'Where any persons have entered into an arbitration argeement before the institution of any suit with respect to the subject-matter of the agreement or any part of it, and where a difference has arisen to which the agreement applies, they or any of them, instead of pro-ceeding under Chapter II, may apply to a Court having jurisdiction in the matter to which the agreement relates, that the agreement bt filed in Court'.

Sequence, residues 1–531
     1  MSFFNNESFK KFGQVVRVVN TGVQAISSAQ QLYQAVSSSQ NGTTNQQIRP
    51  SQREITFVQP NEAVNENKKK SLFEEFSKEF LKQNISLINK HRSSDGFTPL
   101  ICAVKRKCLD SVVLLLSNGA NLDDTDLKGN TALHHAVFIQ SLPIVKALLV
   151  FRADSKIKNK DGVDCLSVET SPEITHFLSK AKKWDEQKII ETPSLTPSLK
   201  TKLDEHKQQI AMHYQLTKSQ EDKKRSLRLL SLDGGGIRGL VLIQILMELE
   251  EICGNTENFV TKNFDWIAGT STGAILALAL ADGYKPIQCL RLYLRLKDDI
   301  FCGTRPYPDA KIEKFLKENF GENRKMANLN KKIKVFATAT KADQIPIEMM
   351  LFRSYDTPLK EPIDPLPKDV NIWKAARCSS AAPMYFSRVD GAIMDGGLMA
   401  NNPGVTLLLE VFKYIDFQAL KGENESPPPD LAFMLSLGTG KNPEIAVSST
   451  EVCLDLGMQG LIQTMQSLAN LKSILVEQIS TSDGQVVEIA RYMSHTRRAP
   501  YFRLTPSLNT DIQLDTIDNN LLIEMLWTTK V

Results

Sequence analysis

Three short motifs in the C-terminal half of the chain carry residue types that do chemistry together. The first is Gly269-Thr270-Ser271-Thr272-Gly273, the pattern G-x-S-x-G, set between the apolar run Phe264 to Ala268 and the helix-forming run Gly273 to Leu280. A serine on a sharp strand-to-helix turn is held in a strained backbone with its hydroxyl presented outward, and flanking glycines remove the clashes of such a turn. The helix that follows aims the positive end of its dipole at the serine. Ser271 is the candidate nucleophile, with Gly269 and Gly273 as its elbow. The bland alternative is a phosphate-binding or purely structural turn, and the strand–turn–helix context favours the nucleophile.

10. According to the clear language of this provision a party to the partnership agreement has an option to apply under Section 20 instead of proceeding under Chapter II in which Section 8 occurs. If the intention was to confine the remedy of a party to an arbitration agreement only to Section 8, in case an Arbitrator refuses to act or is incapable of acting, the language of Section 20(1) would have been materially different. The legislature in that case would not use the expression 'instead of proceeding under Chapter II', but would have said 'except in a case falling under Chapter II'. Reading the two provisions together, I find that the clear intention of the legislature was to give an option to a party to an arbitration agreement to adopt the course laid down in Section 8(1)(a), or straightway come to the Court under Section 20. It is significant that even under Section 8, if the parties do not agree to the appointment of a fresh arbitrator when the requisite notice is given, the matter is to be taken to the Court and it is for the Court to make the appointment of another arbitrator or umpire. The decision ot the Allahabad High Court, to which the learned counsel for the petitioner has referred, no doubt indicates that unless notice under Section 8 is given, the Court has no jurisdiction to proceed with the appointment of fresh arbitrator or umpire, but those observations may apply to the action which is taken under that section. I fail to see how the jurisdiction of the Court under Section 20, if properly invoked, can be taken away merely because of the omission of a party to serve the notice on the opposite party for appointment of an arbitrator when Sub-section (1) of Section 20 specifically lays down that instead of proceeding under Chapter II, in which Section 8 falls, the party concerned may apply to the Court for filing the arbitration agreement.